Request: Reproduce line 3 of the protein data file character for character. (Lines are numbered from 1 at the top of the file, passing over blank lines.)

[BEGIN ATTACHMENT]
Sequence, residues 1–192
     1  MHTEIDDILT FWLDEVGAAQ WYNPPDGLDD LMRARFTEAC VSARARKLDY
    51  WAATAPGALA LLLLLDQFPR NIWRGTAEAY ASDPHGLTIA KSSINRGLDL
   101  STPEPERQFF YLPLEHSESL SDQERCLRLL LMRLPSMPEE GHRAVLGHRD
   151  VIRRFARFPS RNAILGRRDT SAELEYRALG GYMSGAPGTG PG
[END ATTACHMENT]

    51  WAATAPGALA LLLLLDQFPR NIWRGTAEAY ASDPHGLTIA KSSINRGLDL